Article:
Sustainability and Social Responsibility: 10 Luxury Brands That Are Making a Difference

LifestyleSustainability and Social Responsibility: 10 Luxury Brands That Are...

The fashion industry is responsible for 8% of the carbon emissions worldwide. That’s as much as what France, Germany, and the UK combined create every year, according to a study by MacArthur Foundation.

Also, fashion is not just about air pollution. The study found that 20% of the dirty water worldwide comes from making clothes. Plus, almost none of the clothes we throw away are recycled—they end up in dumps.

Despite this, there’s hope. Over 160 brands have joined The Fashion Pact, aiming to cut their carbon emissions to zero by 2050 and give back to society. 

But what are the top fashion names doing specifically to make the industry less harmful to the planet? Let’s look at 10 of them.

Stella McCartney 

Stella McCartney is a leading figure in ethical and sustainable fashion. Her brand is the first luxury fashion house to never use animal leather, feathers, fur, or skins. In 2006, sustainability became a core principle for the brand.

As a special adviser to LVMH CEO Bernard Arnault on sustainability, McCartney also influences industry giants to focus on eco-friendly practices. She also aims to achieve net zero by 2040.

The brand’s collections use responsibly sourced materials like organic cotton and upcycled faux furs. It also opts for smart alternatives like biodegradable rubber and mushroom-based leather.

Recycling is crucial to the brand’s sustainability efforts, with products like the mono-material parka made from 100% regenerated nylon.


Established in 1837, Paris-based Hermès is renowned for its iconic Birkin bag and silk scarves. The brand has always had artisanal values, with 60% of its products crafted in-house. 

It relies on circularity principles and uses materials like mycelium. Plus, they offer repair services and upcycling through Petit H.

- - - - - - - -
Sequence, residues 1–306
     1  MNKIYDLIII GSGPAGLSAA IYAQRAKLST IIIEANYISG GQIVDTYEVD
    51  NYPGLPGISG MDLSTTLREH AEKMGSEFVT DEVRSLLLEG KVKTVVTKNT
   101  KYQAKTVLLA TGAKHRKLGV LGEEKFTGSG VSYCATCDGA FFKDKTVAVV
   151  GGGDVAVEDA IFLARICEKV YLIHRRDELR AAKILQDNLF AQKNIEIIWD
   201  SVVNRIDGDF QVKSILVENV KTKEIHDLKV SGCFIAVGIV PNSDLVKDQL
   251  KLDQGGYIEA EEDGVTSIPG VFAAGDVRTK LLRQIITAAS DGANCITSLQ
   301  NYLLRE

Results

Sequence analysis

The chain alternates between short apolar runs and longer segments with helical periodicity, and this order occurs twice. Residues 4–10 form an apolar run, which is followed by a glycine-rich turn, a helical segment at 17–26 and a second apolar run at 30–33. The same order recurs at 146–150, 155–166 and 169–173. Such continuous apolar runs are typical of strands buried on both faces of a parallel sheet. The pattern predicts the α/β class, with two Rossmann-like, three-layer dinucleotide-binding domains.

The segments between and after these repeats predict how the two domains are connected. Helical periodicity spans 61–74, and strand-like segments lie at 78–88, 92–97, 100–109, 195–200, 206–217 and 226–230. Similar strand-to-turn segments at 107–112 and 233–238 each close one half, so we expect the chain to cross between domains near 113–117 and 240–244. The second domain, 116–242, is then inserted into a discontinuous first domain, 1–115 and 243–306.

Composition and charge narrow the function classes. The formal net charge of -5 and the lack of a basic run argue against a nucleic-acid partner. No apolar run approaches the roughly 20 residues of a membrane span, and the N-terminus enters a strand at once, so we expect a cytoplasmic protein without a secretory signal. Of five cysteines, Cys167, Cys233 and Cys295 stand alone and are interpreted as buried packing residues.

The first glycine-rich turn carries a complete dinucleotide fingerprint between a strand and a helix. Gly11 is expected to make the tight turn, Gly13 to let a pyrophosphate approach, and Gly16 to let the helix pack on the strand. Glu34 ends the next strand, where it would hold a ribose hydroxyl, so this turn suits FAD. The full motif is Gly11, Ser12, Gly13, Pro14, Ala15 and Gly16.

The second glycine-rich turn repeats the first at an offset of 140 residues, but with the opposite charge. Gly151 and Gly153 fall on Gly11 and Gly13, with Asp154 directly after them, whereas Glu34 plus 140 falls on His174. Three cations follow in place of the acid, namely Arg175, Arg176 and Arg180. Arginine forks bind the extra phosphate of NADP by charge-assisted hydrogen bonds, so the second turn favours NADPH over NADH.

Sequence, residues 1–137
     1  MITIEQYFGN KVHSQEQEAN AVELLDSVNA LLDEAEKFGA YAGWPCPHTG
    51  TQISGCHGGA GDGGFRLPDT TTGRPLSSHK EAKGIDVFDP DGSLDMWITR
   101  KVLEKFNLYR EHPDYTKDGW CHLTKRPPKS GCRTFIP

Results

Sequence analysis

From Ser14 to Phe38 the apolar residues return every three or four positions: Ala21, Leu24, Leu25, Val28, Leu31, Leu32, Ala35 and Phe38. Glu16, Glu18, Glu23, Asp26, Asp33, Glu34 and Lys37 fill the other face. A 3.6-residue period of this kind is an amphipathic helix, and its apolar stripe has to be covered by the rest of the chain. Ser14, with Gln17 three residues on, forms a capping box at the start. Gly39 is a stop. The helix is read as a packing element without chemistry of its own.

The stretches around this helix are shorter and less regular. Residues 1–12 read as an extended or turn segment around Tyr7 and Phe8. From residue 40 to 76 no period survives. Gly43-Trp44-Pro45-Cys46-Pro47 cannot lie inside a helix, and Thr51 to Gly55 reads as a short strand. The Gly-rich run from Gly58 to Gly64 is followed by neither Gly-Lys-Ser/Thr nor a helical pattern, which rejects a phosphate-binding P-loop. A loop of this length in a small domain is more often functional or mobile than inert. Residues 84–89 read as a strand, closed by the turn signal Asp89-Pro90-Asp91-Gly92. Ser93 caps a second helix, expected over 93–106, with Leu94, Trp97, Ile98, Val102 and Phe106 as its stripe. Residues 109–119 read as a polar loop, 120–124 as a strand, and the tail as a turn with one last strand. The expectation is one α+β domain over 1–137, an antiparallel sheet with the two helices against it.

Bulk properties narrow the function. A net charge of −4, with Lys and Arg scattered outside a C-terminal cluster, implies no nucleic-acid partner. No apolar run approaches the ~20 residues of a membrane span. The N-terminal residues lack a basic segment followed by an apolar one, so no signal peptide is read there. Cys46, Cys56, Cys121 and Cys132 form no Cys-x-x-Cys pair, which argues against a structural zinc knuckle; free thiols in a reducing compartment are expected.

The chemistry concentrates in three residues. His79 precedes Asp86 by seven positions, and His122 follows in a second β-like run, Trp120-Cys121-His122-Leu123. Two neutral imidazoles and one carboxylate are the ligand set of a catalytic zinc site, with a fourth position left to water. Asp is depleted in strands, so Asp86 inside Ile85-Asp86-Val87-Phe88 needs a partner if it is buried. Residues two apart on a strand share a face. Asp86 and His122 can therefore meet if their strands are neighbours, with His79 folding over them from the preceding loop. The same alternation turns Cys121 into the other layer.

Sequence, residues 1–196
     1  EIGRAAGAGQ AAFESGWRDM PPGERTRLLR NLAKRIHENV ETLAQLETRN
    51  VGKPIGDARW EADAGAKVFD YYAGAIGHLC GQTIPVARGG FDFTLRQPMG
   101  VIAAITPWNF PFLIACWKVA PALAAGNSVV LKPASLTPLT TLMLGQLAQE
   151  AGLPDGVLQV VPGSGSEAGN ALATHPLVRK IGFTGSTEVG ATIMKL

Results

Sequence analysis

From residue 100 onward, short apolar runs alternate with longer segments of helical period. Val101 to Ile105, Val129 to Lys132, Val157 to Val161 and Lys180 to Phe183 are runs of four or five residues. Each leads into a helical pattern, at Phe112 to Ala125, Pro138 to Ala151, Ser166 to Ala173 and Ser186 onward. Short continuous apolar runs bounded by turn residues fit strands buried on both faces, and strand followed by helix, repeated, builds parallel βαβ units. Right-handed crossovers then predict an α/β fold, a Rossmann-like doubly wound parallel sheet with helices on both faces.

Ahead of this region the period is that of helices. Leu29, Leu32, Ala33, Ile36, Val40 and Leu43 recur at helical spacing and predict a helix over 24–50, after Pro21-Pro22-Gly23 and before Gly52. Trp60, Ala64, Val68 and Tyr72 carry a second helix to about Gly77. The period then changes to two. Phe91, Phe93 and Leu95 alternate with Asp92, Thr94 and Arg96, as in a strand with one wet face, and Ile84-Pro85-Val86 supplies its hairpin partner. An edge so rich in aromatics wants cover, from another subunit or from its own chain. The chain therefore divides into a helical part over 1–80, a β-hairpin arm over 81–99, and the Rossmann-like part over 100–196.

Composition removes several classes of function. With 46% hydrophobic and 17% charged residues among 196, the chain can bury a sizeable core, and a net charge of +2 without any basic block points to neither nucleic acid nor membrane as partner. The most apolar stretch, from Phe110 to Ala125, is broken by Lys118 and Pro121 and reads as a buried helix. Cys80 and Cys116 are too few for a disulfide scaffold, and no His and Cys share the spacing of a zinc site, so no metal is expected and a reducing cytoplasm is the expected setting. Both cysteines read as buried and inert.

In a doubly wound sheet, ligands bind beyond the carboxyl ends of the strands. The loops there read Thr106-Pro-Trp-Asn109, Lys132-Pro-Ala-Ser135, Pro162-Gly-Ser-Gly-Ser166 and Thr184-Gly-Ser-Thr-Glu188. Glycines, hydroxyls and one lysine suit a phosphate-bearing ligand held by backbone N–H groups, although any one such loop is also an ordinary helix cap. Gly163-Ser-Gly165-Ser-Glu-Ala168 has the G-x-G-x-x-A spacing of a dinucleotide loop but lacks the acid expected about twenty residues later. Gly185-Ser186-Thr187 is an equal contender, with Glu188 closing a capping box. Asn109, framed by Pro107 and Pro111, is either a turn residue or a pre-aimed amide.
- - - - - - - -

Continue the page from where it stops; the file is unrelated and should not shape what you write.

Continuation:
In 2022, over 200,000 Hermes products were restored. Over three-quarters of items are made in France, with a major focus on sustainability. Hermès also aims for net zero emissions by 2050. 

Most importantly, the brand is committed to disability employment, exceeding legal requirements at 6.4%.


In 2020, Chanel launched Chanel Mission 1.5, a 10-year climate plan, committing to science-based targets by 2030. It also issued Sustainability-Linked Bonds and joined The Fashion Pact around the same time. 

Targeting a 50% reduction in operational carbon footprint and 40% from the value chain, the brand aims for 100% renewable energy by 2025. Plus, they’ve embraced EVs for deliveries and shifted to sea and low-CO2 air transport. This way, Chanel saves 10,000 tonnes of CO2 annually. 

Partnering with startups like Oritain and Sulapec and producing eco-responsible tweeds, Chanel is currently focused on making their clothes as eco-friendly as possible.


Launched in 2019, Rolex’s Perpetual Planet Initiative funds projects to sustain the world’s ecosystems. The brand is deeply connected to nature, using its position to address climate challenges from oceans to waste reuse.

Rolex’s Perpetual Planet Initiative currently collaborates with 20+ partners globally. Owned by the Hans Wilsdorf Foundation, Rolex is well-known for being shockingly generous when it comes to charities. Some have even wondered: is Rolex a non-profit organization?

Vivienne Westwood

Vivienne Westwood, founded in 1971, is an avid speaker on environmental causes. The brand even shows off its activism on the runway, with bold statements like “Climate Revolution” on T-shirts.